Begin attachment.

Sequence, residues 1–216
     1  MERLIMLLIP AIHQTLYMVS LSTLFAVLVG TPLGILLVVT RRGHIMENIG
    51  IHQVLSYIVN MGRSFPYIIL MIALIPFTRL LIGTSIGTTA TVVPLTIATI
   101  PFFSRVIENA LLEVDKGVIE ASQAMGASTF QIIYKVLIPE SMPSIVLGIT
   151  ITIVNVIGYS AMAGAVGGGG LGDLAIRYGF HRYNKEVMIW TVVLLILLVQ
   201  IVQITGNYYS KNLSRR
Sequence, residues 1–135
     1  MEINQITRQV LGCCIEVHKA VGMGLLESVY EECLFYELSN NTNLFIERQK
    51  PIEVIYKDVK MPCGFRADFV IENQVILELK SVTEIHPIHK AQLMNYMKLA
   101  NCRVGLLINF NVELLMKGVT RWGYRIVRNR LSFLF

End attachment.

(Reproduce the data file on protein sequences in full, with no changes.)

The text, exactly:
Sequence, residues 1–216
     1  MERLIMLLIP AIHQTLYMVS LSTLFAVLVG TPLGILLVVT RRGHIMENIG
    51  IHQVLSYIVN MGRSFPYIIL MIALIPFTRL LIGTSIGTTA TVVPLTIATI
   101  PFFSRVIENA LLEVDKGVIE ASQAMGASTF QIIYKVLIPE SMPSIVLGIT
   151  ITIVNVIGYS AMAGAVGGGG LGDLAIRYGF HRYNKEVMIW TVVLLILLVQ
   201  IVQITGNYYS KNLSRR
Sequence, residues 1–135
     1  MEINQITRQV LGCCIEVHKA VGMGLLESVY EECLFYELSN NTNLFIERQK
    51  PIEVIYKDVK MPCGFRADFV IENQVILELK SVTEIHPIHK AQLMNYMKLA
   101  NCRVGLLINF NVELLMKGVT RWGYRIVRNR LSFLF